Workplace Violence Prevention Plans and Trainings Must be Implemented by July 1 |  By: Jared Slater
Workplace Violence Prevention Plans and Trainings Must be Implemented by July 1 |  By: Jared Slater

If you missed our last reminder, there is less than a week for most California employers to finalize and implement Workplace Violence Prevention Plans (“WVPP”) and have their employees trained on the company-specific policies by July 1, 2024.

As part of implementing the Workplace Violence Prevention Plan, an employer’s designated “Crime/Workplace Violence Prevention Coordinator(s)” must physically go through each office or workplace and identify potential areas of concern or improvement and record their efforts in doing so.

Similarly, each Crime/Workplace Violence Prevention Coordinator will need to determine what training will be appropriate for the respective office or workplace that they oversee, and tailor the policy accordingly. On the subject of training, each employer will need to conduct an initial training when the plan is first implemented, and annually thereafter, on all of the following:

  1. The employer's plan, how to obtain a copy of the employer's plan at no cost, and how to participate in development and implementation of the employer's plan;
  2. The definitions and requirements of the plan;
  3. How to report workplace violence incidents or concerns to the employer or law enforcement without fear of reprisal;
  4. Workplace violence hazards specific to the employees' jobs, the corrective measures the employer has implemented, how to seek assistance to prevent or respond to violence, and strategies to avoid physical harm;
  5. The violent incident log required by the plan and how to obtain copies of records; and
  6. An opportunity for interactive questions and answers with a person knowledgeable about the employer's plan.

Additional training must also be provided when a new or previously unrecognized workplace violence hazard has been identified and when changes are made to the plan.  Absent any changes to the plan or newly identified hazards, training should be conducted on an annual basis, at minimum. If additional training is required, it may be limited to addressing the new workplace violence hazard or changes to the plan. The employer should maintain records of the training and the participants.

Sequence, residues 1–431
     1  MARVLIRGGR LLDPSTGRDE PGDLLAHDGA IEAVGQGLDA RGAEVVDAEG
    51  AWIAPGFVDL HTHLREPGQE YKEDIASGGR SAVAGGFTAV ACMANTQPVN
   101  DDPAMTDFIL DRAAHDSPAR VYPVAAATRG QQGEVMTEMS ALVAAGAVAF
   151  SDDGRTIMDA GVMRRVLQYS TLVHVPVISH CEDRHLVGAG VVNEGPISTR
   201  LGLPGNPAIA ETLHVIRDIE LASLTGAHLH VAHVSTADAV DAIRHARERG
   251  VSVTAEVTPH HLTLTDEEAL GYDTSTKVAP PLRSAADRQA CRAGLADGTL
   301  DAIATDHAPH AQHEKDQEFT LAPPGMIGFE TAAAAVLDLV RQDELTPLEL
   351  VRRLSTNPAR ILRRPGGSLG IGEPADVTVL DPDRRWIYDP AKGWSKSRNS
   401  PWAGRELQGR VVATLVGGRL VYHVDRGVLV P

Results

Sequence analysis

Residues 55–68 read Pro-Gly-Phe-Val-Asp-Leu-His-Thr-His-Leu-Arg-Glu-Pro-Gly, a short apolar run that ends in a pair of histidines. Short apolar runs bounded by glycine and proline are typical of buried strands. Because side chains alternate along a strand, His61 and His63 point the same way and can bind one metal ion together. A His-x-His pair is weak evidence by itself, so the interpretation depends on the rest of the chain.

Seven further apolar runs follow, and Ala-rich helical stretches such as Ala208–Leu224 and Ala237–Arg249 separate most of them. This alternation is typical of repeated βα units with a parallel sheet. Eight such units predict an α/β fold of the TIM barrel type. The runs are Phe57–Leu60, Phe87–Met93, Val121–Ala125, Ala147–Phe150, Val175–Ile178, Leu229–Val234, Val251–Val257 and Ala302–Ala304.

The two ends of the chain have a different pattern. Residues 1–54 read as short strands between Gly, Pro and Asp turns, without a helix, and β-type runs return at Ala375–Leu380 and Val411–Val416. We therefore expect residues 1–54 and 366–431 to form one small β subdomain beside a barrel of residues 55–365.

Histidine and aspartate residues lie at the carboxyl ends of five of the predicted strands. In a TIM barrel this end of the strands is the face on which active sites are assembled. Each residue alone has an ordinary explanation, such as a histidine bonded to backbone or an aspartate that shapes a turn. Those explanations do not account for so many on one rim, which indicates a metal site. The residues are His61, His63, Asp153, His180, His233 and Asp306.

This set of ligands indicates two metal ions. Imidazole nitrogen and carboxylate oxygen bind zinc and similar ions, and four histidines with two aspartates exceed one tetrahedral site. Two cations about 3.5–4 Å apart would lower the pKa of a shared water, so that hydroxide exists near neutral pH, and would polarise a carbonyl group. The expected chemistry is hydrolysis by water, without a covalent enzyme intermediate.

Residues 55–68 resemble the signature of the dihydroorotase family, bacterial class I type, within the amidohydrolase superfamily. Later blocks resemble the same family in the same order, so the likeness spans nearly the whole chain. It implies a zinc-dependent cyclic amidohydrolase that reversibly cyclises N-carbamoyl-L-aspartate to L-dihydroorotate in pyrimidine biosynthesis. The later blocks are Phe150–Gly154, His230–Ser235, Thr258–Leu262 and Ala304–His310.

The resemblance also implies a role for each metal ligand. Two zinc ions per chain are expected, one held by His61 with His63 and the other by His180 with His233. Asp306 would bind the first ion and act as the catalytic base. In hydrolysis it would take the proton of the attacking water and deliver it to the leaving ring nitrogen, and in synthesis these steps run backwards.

In the event of a crime or violent incident, employees involved and/or the designated Crime/Workplace Violence Prevention Coordinator should be provided and complete a Workplace Violent Prevention Incident Report. Once an incident report is completed, the Crime/Violence Prevention Coordinator should then complete a Violence Incident Log for the employer’s recordkeeping purposes.  An Incident Report Form should not be used in lieu of the Violence Incident Log because California law requires that certain identifying information that appears in the Incident Report Form must be omitted from the Violence Incident Log.

Finally, and as alluded to previously, California law requires employers to maintain records of workplace violence hazard identification, evaluation, and correction for a minimum of five years. Training records must be maintained for a minimum of one year and include training dates, contents or a summary of the training sessions, names and qualifications of persons conducting the training, and names and job titles of all persons attending the training sessions.  Violence Incident Logs must be maintained for a minimum of five years. Records of workplace violence incident investigations conducted must be maintained for a minimum of five years.

Ervin Cohen & Jessup LLP is available to assist its clients in creating Workplace Violence Prevention Plans for each workplace. In addition, we are proud to offer tailor-made trainings to employers on a flat-rate basis. California employers are encouraged to contact the author for more information on these programs.


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